David Wu's firm stance riles China        Taipei Times  010417
By Paul Lin 林保華


US Representative David Wu (吳振偉), of Oregon, wraps up a visit to his native Taiwan today. He wanted to visit Hong Kong, Shanghai and Suzhou too, but the Beijing authorities have refused to allow him in because they believe he has been unfriendly to them during his two terms as a representative.

US Secretary of State Colin Powell and National Security Adviser Condoleezza Rice have not been friendly either, but China has eagerly invited them to visit Beijing in the hope they might change their minds after having a good stay, some good meals and some good fun. Jesse Helms, chairman of the Senate Committee on Foreign Relations, has repeatedly declined Beijing's invitations to visit. Helms, who is known for his anti-communist stance, believes he does not have to visit Beijing in order to understand China.

It was surprising that China stopped Wu, someone who actually wanted to visit, from visiting.

The Beijing authorities have always encouraged overseas Chinese to return to their roots. China threw a grand reception for the governor of Washington State, Gary Locke (駱家輝), when he returned to his hometown in Guangdong Province, in search of his roots.

So why didn't Beijing welcome Wu, whose parents both hail from Suzhou and who once helped Portland establish sister-city relations with Suzhou?

Perhaps China blocked Wu's visit because he has been very firm on American values. Wu arrived in the US when he was six-and-a-half years old. He graduated from Yale University's law school, and also has a good understanding of China and Taiwan. Beijing can't possibly buy him off by just letting him visit.

Beijing's dissatisfaction with Wu can be traced to a number of issues. Last year, he was one of a few representatives who opposed the proposal to grant Permanent Normal Trade Relations (PNTR) status to China, even though the House of Representatives passed the bill by a strong majority. For his opposition, Beijing attacked him time and time again, stopping just short of calling him a "collaborator." Pro-China people also vowed not to vote for him, but Wu managed to win re-election anyway.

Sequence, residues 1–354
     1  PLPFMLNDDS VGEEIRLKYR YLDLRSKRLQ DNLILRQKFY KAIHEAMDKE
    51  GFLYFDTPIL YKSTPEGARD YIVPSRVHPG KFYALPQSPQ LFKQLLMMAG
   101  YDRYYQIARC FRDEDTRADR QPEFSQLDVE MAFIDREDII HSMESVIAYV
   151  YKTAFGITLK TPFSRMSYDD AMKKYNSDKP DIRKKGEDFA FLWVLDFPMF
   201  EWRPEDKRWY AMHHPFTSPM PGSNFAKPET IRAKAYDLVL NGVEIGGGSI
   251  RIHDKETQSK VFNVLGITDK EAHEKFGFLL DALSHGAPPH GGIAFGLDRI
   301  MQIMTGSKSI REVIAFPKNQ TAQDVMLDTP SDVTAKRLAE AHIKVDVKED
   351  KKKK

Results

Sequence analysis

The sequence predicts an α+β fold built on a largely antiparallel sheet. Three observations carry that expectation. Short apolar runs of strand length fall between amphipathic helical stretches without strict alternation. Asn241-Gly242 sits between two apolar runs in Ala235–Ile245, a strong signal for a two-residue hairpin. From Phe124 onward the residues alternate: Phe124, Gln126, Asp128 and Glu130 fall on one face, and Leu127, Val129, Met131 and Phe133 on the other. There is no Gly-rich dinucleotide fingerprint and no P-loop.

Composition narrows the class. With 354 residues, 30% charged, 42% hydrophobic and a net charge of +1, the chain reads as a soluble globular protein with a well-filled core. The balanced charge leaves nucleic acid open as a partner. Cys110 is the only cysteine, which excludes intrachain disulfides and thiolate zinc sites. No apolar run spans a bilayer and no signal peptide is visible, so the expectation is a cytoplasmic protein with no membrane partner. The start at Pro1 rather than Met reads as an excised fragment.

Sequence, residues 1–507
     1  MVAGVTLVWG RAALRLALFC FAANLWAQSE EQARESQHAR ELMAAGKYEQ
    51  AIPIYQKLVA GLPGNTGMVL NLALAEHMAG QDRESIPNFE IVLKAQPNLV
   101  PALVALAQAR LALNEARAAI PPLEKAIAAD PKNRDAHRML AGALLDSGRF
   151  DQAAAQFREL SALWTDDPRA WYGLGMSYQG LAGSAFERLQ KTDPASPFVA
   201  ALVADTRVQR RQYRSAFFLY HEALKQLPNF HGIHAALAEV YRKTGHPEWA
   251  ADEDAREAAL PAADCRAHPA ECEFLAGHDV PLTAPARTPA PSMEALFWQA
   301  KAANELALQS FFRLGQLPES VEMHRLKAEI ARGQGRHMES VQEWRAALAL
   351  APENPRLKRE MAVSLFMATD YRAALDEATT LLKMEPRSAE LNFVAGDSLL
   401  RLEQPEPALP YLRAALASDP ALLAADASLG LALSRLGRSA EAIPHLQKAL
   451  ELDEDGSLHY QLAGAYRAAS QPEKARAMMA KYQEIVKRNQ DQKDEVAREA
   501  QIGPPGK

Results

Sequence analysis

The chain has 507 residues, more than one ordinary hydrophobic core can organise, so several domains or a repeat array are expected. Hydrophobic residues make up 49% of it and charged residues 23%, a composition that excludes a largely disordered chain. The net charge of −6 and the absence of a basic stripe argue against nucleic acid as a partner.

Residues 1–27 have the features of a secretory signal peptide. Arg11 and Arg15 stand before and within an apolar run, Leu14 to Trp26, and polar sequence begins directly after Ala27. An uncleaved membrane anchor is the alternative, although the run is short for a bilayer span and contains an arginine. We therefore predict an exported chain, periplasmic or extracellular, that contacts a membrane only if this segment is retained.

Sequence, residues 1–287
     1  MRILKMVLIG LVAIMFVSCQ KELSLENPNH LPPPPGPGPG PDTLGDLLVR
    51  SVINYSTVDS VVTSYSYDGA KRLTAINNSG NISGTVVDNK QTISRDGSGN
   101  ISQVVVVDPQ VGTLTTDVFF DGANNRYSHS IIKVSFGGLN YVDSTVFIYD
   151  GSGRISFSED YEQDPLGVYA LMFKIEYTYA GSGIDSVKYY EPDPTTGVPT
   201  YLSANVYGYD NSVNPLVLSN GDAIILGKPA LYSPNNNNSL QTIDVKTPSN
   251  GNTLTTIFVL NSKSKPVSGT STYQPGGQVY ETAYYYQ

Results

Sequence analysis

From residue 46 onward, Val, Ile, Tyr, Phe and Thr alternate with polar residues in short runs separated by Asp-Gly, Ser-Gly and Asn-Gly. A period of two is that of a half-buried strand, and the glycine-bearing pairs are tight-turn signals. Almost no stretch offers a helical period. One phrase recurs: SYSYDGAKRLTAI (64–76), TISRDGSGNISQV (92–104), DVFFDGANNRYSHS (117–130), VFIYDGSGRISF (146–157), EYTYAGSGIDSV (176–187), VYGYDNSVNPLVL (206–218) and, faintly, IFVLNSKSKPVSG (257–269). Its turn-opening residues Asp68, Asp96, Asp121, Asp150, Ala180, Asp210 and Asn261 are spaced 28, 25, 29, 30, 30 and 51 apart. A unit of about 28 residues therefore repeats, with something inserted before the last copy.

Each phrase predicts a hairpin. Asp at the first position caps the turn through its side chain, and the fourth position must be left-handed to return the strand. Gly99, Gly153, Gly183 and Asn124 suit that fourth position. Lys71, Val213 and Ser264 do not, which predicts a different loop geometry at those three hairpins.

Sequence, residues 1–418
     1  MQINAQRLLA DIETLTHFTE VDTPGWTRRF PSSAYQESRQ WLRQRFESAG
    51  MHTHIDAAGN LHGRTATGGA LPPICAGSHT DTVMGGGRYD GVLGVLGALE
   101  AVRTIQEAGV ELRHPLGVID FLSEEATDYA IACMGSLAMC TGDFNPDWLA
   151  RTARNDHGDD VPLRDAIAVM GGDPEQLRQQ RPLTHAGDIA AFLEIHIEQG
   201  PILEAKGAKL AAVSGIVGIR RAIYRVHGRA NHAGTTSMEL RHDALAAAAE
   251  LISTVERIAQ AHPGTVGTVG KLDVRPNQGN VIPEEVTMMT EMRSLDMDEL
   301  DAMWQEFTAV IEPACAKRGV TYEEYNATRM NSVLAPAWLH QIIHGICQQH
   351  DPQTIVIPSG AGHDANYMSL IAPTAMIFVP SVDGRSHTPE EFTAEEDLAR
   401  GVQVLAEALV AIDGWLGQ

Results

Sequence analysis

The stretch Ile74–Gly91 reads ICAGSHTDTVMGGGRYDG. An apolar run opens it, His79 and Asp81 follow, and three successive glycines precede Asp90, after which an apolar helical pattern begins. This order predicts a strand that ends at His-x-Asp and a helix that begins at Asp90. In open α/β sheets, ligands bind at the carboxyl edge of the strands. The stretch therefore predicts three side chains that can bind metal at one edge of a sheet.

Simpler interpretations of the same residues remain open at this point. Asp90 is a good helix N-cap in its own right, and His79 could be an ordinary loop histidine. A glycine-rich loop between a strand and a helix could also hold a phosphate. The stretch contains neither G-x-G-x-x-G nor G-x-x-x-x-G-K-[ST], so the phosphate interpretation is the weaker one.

Wu has explained why he voted against PNTR. He is not against raising the Chinese people's standard of living, but he insists that economic solutions are not a cure-all, and that moral factors also need to be taken into account. Wu believes that good things never come automatically in China, but rather that they come only after relentless effort.

Wu has also criticized China for politicizing trade. He believes that when the Beijing authorities come to the US to buy 50,000 tons of wheat, they try to split the purchase into small portions to buy friends in three different regions. Wu believes these are political, not economic, activities.

Unfortunately, Taiwanese businessmen who have close ties to Beijing do not understand this point. Or perhaps they do understand but pretend not to.

Wheat is not the only commodity that Beijing tries to politicize. China has threatened US aircraft manufacturer Boeing, saying they would switch purchases to the European consortium, Airbus. They have done the same to Airbus, saying they would switch to Boeing. Beijing has pitted the two corporations against each other so that they will exert pressure on their governments to stop them from criticizing China's misdeeds.

It is precisely due to his good understanding of China that Wu holds a highly favorable view of the political transition in Taiwan. Wu also believes that Chinese genes are not incompatible with modern democratic politics. As a result, he has shown special concern for Taiwan's development and security.

Wu believes former president Bill Clinton's "three no's" policy was based on an inadequate understanding of the two sides of the Taiwan Strait. He also believes the primary emphasis at present should be on maintaining the status quo. That was why Wu jointly proposed the Taiwan Security Enhancement Act along with Republican caucus whip in the House, Tom DeLay.

Wu also supports weapons sales to Taiwan and the lifting of restrictions on Taiwan government officials visiting the US.

Wu was recently elected to chair the Congressional Asian Pacific American Caucus. The caucus has 25 members and occupies an influential position in Congress. It is hoped that Wu will gain a better understanding of Taiwan from his visit, and that he will further promote relations between Taiwan and the US.

Paul Lin is a political commentator based in New York.

Translated by Francis Huang


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